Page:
France’s Fall Didn’t Make Any Difference to Gun-Maker MAB
It kept right on making pistols for the Nazis
by MATTHEW MOSS
Frenchman Léon Barthe established Manufacture d’Armes de Bayonne in 1920. While named in the style of France’s great national arsenals — MAS, MAT and MAC — MAB was actually a private enterprise.
Apparently, profit motivated Barthe to keep right on producing pistols even after his country fell to the Nazis.
MAB brought a series of pocket pistols to market during the 1920s, including the .25 ACP Models A and B and the .32 ACP Models C and D. Barthe based the latter on John Browning’s FN Model 1910, albeit with some ergonomic changes. The Model D was slightly larger than the 1910 was and also came chambered in .380 with an eight-round magazine.
In 1939, with war imminent, the French military placed an order for 16,000 Model Ds. Many of these were issued to the French navy, as the French army had just adopted the Modèle 1935A and Modèle 1935S.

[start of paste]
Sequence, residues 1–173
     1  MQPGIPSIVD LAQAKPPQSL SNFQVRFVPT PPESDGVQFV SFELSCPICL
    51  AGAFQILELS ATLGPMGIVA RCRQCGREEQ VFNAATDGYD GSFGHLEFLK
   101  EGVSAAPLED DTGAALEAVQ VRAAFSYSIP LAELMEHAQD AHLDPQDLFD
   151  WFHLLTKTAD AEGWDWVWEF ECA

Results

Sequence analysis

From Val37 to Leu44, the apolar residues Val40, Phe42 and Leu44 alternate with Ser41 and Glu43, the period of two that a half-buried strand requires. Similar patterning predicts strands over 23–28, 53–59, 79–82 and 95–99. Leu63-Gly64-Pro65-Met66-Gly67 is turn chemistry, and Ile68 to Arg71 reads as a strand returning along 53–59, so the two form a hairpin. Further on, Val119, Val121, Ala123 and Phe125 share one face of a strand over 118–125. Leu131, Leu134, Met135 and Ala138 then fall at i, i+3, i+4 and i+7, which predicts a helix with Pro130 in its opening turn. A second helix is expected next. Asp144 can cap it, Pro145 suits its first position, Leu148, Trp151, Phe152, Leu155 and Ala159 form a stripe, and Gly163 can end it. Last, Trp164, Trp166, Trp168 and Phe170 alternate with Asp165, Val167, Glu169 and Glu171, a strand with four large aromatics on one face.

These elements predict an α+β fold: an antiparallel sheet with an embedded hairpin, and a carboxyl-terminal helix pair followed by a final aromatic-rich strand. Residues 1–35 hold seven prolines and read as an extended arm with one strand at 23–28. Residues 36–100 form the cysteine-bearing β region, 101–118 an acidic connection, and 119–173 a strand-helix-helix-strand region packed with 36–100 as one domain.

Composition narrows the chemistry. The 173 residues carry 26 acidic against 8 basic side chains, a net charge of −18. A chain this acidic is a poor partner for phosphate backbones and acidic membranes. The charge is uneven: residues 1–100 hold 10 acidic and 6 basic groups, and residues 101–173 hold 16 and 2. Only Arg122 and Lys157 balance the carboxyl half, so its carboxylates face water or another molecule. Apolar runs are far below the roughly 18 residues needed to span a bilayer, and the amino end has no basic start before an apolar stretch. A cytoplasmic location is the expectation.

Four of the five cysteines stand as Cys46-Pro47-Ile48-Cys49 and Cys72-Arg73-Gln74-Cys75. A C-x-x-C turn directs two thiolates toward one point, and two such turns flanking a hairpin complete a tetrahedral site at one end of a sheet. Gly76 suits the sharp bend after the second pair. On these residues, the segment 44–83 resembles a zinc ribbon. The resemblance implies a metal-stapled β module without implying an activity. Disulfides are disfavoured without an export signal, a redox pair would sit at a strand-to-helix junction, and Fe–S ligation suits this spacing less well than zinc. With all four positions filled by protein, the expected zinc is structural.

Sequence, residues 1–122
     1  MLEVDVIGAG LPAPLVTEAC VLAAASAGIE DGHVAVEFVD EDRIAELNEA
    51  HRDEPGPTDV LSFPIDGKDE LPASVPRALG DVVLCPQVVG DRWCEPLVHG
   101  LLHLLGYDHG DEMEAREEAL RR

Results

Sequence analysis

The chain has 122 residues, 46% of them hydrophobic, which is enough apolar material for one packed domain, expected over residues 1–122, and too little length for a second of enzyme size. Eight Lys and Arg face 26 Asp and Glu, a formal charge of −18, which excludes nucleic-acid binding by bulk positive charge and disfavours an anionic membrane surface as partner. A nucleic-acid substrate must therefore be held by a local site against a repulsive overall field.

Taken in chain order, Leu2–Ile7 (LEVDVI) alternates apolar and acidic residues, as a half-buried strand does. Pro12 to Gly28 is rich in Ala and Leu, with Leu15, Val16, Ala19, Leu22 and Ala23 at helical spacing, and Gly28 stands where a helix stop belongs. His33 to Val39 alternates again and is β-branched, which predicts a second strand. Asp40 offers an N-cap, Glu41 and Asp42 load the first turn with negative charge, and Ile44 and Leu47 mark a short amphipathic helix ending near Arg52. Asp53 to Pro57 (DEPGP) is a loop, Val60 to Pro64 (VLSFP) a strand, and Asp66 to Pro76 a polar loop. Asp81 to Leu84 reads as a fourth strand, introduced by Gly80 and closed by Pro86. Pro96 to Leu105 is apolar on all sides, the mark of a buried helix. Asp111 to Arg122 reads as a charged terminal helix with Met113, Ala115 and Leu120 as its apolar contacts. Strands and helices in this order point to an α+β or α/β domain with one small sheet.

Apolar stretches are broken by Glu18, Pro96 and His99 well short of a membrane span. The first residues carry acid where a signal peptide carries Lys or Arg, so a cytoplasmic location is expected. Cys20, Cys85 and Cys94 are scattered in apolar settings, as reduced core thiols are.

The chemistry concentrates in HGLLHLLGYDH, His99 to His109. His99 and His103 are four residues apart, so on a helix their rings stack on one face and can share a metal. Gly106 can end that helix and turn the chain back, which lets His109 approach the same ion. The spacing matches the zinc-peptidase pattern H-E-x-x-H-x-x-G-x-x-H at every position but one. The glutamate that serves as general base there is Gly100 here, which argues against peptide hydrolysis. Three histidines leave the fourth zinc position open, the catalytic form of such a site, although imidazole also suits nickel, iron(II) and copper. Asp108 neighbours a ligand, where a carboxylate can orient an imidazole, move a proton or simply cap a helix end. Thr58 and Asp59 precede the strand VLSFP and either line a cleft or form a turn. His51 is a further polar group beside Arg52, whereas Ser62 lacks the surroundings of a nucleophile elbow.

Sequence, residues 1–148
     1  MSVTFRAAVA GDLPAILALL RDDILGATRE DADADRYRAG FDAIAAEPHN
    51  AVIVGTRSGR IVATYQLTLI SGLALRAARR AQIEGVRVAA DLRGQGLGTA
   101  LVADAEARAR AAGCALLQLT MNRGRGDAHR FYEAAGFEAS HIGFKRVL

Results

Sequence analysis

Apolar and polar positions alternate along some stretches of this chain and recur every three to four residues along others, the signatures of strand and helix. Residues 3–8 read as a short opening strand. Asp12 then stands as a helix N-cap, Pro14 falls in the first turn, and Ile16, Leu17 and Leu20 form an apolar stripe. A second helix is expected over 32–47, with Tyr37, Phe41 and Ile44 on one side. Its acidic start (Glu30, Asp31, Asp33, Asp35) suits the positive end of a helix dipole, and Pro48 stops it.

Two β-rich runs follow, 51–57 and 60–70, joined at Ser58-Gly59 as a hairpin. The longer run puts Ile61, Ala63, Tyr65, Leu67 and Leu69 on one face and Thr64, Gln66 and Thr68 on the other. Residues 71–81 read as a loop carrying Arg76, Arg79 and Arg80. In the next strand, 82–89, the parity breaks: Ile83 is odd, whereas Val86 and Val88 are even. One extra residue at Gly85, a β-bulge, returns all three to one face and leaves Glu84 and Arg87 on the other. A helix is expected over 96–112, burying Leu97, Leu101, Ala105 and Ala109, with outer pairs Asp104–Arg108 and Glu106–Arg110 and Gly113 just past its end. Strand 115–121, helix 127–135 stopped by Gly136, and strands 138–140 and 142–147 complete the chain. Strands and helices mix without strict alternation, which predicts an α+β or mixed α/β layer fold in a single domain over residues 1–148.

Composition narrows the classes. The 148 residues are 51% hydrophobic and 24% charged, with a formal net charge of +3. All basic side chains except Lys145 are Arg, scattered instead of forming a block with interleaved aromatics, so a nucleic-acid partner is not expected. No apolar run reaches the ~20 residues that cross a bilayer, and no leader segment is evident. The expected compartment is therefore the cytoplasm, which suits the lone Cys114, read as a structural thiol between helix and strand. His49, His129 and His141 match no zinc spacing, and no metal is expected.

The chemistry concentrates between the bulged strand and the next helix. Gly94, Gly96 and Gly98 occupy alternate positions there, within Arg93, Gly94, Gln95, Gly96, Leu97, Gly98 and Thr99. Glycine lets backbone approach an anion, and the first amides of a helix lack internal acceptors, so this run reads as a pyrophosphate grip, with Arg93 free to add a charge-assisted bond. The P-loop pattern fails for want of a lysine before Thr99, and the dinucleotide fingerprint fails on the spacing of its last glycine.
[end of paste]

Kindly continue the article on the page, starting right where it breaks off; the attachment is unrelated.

MAB continued producing Model Ds after the fall of France in 1940, first under the Vichy puppet government and, later, the German occupation force. The Heereswaffenamt assigned MAB the inspection mark WaA251.
MAB produced as many as 54,000 Model Ds for the Germans and French Vichy government.
After the war, French police forces at home and in France’s colonies in Algeria and Indochina continued using the Model D. MAB manufactured approximately 300,000 Model Ds.
Originally published at Historical Firearms.